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Security operative prosecuted for working with cloned SIA licences

November 2, 2023

On Tuesday 17 October, Victor Obi pleaded guilty at Bexley Magistrates’ Court for three offences contrary to the Fraud Act 2006.

The court ordered Mr Victor Obi to pay £1,538 in fines, £1,300 contribution towards prosecution costs and £3,000 in compensation making it a total of £5,838.

Mr Obi’s sentence followed his guilty pleas to the court for using two fraudulent Security Industry Authority (SIA) licences as a door supervisor at venues in the greater London area on 74 occasions between June 2021 and October 2021.

The SIA brought the case as a result of ongoing investigations in the use of fraudulent SIA licences in London. Mr Obi was found to be working with two fraudulent licences with his own photograph but with the names of legitimate SIA licence holders. Mr Obi was interviewed under caution at the SIA’s head office by the SIA’s criminal investigators. He was shown evidential material at the interview and Mr Obi provided no comment replies to questions put to him.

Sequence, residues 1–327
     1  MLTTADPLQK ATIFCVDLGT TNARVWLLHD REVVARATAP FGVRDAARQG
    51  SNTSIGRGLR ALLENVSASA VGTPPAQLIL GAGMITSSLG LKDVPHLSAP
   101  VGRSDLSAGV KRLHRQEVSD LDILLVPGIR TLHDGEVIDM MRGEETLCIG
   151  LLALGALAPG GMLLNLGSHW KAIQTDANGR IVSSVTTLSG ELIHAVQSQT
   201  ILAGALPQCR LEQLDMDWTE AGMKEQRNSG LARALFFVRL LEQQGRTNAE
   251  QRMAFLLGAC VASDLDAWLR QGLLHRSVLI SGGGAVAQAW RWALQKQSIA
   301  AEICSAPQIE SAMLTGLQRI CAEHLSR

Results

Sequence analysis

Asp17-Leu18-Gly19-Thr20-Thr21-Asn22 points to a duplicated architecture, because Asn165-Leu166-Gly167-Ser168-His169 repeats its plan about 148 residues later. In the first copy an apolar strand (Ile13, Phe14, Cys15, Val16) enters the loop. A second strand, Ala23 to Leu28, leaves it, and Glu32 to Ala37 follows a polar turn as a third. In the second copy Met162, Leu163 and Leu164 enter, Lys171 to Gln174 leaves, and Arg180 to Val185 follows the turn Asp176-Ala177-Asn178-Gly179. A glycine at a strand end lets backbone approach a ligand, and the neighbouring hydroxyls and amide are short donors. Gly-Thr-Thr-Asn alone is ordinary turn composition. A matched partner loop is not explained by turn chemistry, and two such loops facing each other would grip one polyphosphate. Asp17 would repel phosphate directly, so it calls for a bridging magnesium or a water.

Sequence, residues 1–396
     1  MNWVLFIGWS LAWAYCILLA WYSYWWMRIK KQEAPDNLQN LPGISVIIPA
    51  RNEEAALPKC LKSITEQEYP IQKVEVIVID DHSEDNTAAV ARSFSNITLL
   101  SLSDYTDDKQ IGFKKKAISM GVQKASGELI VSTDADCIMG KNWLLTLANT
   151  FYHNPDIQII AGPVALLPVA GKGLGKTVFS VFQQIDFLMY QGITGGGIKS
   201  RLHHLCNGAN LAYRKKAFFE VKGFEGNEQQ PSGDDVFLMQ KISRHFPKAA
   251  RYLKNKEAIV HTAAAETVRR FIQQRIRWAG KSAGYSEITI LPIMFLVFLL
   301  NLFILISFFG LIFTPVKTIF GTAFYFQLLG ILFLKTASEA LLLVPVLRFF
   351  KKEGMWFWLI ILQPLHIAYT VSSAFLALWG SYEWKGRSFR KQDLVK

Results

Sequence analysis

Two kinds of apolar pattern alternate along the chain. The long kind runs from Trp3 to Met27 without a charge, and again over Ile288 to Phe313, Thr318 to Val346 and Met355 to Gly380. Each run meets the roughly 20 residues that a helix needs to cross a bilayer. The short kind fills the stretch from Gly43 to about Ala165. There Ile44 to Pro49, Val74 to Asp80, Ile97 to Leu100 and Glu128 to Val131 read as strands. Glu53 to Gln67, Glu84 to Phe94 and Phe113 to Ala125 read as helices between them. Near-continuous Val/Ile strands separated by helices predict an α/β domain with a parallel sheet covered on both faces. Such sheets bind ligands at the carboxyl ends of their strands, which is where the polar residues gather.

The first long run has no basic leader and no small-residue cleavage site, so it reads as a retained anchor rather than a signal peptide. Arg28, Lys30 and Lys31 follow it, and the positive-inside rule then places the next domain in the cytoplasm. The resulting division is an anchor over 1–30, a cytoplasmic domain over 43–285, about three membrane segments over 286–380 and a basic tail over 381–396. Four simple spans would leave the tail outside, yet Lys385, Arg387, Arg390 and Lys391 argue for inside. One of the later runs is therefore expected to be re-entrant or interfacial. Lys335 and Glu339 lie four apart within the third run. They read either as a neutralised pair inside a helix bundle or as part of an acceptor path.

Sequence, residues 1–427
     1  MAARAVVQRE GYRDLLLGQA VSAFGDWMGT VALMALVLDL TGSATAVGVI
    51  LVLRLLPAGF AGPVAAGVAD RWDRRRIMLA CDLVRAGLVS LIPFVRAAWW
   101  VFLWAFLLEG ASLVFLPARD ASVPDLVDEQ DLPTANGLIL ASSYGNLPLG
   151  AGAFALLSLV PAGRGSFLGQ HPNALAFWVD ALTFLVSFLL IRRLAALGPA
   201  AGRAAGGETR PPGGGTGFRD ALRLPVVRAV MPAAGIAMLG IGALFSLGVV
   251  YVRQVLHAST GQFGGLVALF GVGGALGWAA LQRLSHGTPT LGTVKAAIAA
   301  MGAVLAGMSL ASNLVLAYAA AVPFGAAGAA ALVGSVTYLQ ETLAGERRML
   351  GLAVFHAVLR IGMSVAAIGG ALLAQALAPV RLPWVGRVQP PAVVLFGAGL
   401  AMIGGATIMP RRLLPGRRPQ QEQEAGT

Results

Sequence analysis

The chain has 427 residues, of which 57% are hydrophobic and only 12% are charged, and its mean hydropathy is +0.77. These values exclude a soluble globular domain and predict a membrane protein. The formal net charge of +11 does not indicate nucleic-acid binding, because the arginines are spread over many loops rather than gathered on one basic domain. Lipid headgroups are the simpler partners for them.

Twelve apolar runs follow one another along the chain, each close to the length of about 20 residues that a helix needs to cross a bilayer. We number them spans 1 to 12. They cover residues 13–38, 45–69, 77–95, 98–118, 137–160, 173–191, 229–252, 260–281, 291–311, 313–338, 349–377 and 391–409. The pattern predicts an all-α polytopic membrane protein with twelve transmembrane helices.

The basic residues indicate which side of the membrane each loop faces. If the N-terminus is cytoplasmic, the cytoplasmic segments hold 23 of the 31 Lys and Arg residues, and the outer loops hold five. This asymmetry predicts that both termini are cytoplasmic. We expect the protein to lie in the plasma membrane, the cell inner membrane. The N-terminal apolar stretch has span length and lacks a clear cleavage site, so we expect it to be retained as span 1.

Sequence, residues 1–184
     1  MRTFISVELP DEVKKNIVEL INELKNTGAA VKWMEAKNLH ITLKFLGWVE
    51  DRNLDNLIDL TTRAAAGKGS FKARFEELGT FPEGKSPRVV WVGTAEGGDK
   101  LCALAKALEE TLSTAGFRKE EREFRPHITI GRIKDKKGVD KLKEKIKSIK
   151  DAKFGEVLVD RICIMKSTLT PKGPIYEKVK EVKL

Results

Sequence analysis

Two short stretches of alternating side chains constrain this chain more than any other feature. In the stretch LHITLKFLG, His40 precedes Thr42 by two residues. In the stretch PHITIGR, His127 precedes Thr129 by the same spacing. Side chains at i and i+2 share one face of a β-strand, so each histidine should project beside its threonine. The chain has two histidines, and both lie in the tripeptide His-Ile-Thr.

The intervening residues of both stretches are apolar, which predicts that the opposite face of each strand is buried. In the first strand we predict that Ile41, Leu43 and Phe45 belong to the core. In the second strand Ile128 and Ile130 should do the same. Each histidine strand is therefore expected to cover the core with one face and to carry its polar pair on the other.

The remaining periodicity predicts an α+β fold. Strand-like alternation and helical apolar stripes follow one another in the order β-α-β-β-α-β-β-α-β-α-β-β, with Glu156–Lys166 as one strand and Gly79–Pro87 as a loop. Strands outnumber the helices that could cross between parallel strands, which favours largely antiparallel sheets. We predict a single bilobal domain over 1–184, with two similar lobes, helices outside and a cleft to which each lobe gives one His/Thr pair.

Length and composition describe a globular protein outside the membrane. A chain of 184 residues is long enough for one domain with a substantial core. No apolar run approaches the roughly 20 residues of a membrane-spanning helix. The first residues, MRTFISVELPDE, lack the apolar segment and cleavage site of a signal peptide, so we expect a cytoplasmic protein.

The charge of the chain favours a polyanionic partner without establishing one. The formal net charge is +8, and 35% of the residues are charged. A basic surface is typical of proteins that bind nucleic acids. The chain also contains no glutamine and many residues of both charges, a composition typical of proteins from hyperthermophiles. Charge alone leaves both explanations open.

He was charged with two offences contrary to section 2 of the Fraud Act 2006 and one offence contrary to section 6 of the Fraud Act 2006.

Mr Obi was sentenced for the Section 6 offence and ordered to pay a total of £5,838 at a rate of £500 per month with the first payment due within 28 days. He will be required to pay £500 per month thereafter until the full amount has been paid off. The amount should be paid off within 12 months.

Nicola Bolton, one of the SIA’s criminal investigation managers, said:

Mr Obi chose to work as an unlicensed security operative across venues in London putting patrons at risk by his actions. The licensing regime is there to protect the public so that only trained and suitable people can be licensed. He decided to use cloned licences which amounts to the possession of articles for use in frauds under section 6 of the Fraud Act 2006. Along with paying the fine, Mr Obi now has a criminal record.

We are continuing to combat the use of cloned SIA licences and remind industry to conduct thorough due diligence checks on licences of those operatives they deploy. The security features embedded in an SIA licence will help aid employers and they should also request secondary identification documents from the licence holder.

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